Are you trying to use that presentation you just created as a conversation stimulator?

Turn on the comments section of your post and point them in that direction to encourage people to share their thoughts, ask questions or even provide constructive criticism of what they’ve just read.

It’s a small step, but an essential one in terms of content engagement and permanently connecting with that larger audience.

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Start With Your Audience and Work Backwards

Every terrific piece of shareable, viral content has one thing in common: they were all born from the same basic place.

They didn’t start with an idea for a blog post or white paper or video and then go out in search of an audience.

They started with a problem that their audience had and worked their way backward, figuring out the solution and even the execution of that content in the most natural way possible.

You need to do the same thing.

Thanks to advanced modern day tools, it’s easier than ever for even non-designers to create stunning visual content like presentations, Infographics, or even full motion videos.

However, if that isn’t what your particular audience is receptive to, it’s a step that you probably shouldn’t take just because some statistics on the Internet told you that you should.

Maybe your audience doesn’t want to see a presentation. Maybe they’d rather you take the exact same idea and give it to them in the form of a video. Or an Infographic. Or a blog post.

As you begin to craft a new piece of content, always ask yourself two questions:

  • What problem does my audience have today that I’m going to try to solve? Or, what question does my audience have today that I’m going to try to answer?
  • How, specifically, would they prefer that I solve or answer it?

This really is the be all, end all approach to building a bridge to your audience.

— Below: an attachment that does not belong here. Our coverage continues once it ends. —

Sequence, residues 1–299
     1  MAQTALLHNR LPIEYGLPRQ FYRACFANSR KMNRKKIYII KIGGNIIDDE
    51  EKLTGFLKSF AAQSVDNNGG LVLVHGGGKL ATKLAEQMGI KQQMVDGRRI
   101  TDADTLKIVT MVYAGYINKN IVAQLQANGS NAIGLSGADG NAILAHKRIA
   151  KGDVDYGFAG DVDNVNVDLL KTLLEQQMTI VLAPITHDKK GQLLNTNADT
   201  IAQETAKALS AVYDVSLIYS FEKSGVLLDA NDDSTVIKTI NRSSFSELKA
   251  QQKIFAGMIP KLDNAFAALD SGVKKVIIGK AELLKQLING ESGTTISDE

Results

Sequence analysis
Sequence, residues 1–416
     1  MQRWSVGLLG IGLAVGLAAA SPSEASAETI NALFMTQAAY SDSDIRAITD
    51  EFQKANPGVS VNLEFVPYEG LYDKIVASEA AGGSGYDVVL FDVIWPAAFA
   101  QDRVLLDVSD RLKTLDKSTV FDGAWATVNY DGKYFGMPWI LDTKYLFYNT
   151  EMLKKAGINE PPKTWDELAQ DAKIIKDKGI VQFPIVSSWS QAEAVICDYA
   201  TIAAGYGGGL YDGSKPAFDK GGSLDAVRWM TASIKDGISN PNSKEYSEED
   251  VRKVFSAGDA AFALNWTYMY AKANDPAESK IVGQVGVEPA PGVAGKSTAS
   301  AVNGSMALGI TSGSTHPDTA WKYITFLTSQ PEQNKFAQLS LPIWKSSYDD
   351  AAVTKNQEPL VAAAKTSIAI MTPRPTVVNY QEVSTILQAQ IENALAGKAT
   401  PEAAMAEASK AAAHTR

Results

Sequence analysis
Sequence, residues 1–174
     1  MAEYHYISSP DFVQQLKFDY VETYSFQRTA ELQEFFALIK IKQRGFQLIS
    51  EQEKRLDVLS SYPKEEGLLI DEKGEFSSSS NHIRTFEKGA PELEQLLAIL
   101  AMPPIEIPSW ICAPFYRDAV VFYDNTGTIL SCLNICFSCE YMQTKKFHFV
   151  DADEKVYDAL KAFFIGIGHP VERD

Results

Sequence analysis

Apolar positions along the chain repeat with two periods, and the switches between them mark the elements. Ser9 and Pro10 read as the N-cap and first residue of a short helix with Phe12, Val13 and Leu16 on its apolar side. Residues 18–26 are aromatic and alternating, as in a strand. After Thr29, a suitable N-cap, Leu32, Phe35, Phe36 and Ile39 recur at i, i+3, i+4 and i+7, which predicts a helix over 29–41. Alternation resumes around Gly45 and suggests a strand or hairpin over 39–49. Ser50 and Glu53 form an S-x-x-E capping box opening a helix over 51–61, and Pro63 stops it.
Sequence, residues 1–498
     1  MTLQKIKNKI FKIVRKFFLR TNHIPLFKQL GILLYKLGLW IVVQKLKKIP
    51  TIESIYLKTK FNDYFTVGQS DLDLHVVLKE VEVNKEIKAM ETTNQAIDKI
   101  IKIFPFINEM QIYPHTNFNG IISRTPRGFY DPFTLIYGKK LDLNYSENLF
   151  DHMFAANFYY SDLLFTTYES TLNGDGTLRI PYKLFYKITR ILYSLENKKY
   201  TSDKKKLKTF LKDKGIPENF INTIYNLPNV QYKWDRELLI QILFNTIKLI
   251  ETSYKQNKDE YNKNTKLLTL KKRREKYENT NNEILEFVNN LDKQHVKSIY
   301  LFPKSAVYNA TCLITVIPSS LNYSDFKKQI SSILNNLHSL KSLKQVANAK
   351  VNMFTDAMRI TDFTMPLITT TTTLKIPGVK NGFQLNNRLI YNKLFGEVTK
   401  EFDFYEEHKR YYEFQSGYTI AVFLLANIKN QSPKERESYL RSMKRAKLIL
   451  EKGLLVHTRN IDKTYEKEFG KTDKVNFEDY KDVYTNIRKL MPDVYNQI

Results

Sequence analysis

You’ve got the information that they want, but HOW they choose to receive that information matters just as much. Provided that you work hard to never forget that, you’ll find that you’re able to go far.

Conclusion

Thanks to the power of the Internet (and particularly the mobile world that we’re now living in), the audience that you’re trying to reach with your content is no longer a passive one. In fact, it’s more active than ever.

People WANT to be able to share content they love with their friends and family members. They WANT to use your latest Infographic to help them make the right purchase. They WANT to learn more about what you have to say or what you have to offer and use that information to take the next step.

You just have to give them the ability to do so. That, in a nutshell, is what audience engagement is all about.

About the author:
Payman Taei is the founder of Visme, an easy-to-use online tool to create engaging presentations, infographics, and other forms of visual content. He is also the founder of HindSite Interactive, an award-winning Maryland digital agency specializing in website design, user experience and web app development.